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The Wild-Ass and Often Unrealistic Author Expectations

I know that I often start these posts off by saying “I love authors” because candidly, I do.There are just a few of them that I would like to send on a Carnival Cruise. I think if I was a freelancer, I would go on this cruise myself. To some degree, this ivory tower I find myself in keeps me protected. Unlike, say, my friend, a freelance publicist, who is out there promoting authors with nothing to keep them from getting to her. She’s even had one or two show up at her house (no, really).

So, last Monday she calls me and says that she’s just spoken to an author who was “devastated” that her book didn’t do better. You know, I can totally get my mind around that. This is often an unforgiving and relentlessly difficult industry. The next part, however, left me baffled.

The conversation was a wrap up call. So the author’s campaign was over and my friend was doing a final call with her before she sent her on her way. The author was livid. Few book sales, no media. How could that happen? Well, it just does. Some books do well, some don’t. I wish I was a magician but I’m not. Bookselling is not for the faint of heart. So, then the author started yelling: “I’ve spent my last dime on this and I have nothing and I needed this to succeed.”

Silence.

Well, first off, she spent less than you’re thinking. Somewhere *very* south of $10,000 (very south). Second, why on earth would you spend your last dime on anything unless it’s to buy medical treatment for a loved one? Perspective, please.

My friend responded and said that she felt that wasn’t a good business move on the author’s part. A book is an investment and, like any investment, it can either grow over time or not. I find that most authors don’t treat their books like a business. Books, to many authors, are magical tools that will connect them with fame, fortune and a date for the Oscar’s. Books are not magic carpets, they are not instant fame builders and money makers, in fact most books don’t net the author more than $100.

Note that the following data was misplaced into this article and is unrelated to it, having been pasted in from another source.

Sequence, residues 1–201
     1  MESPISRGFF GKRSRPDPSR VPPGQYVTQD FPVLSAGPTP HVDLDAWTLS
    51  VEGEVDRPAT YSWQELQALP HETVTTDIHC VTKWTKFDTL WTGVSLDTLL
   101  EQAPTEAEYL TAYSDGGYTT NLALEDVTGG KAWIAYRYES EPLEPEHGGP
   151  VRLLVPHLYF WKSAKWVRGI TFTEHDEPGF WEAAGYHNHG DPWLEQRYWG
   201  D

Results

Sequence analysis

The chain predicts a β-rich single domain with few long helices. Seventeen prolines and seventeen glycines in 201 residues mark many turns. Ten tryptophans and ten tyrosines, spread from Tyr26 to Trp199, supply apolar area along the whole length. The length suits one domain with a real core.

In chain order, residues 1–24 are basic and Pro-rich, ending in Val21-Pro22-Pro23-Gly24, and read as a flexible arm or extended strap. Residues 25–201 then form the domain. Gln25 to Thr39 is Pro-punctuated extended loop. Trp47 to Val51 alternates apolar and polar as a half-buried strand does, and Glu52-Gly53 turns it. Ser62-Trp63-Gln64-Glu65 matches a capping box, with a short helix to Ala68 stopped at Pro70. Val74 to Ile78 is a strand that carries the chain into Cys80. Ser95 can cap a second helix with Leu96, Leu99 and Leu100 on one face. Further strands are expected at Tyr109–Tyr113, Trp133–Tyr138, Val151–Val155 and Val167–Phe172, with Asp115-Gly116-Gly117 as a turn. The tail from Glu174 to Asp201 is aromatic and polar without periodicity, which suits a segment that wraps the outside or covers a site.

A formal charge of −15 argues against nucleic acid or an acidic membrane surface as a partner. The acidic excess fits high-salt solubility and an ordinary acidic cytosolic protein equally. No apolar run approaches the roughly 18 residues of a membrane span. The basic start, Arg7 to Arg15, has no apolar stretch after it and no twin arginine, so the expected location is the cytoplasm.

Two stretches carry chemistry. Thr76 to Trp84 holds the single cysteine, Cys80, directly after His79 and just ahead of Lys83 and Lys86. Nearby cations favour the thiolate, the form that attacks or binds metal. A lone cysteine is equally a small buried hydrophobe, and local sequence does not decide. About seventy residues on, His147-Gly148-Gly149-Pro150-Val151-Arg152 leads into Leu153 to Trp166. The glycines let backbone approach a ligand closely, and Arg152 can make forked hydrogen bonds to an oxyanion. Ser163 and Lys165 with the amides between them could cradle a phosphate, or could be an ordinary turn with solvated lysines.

If it’s all so hard and books so difficult to promote why do we do it? Because in the end we all want to believe in magic. Some books surprise us and we love that. We love the random success stories about the author who marketed his or her book tirelessly and suddenly thousands of copies were being sold.  That’s why we do this and that’s why you should, too. Because it can happen and sometimes it does but it won’t happen if  you don’t do the work.

As authors, you have the power to either make your book or break it. The quickest way to break it is to blame everyone for the lack of success you are seeing. Keep perspective. It’s a wonderful thing that you wrote a book but it is, in fact,  a book. It needs an investment of not just money, but your time and attention. If you’re three months into your marketing wondering why Ben Affleck hasn’t called to turn your book into a movie, you may need to go on a Carnival Cruise and gain a much-needed reality check.

Keep perspective and please don’t throw every dime you have at a book. We all love the stories of authors and movie makers who mortgage their homes and spend their last dime marketing their work to become a success but these stories are rare. In reality the person who does this winds up with a lot of expenses and a lot of dashed dreams. Keep perspective, it’s a business, not a magic carpet ride.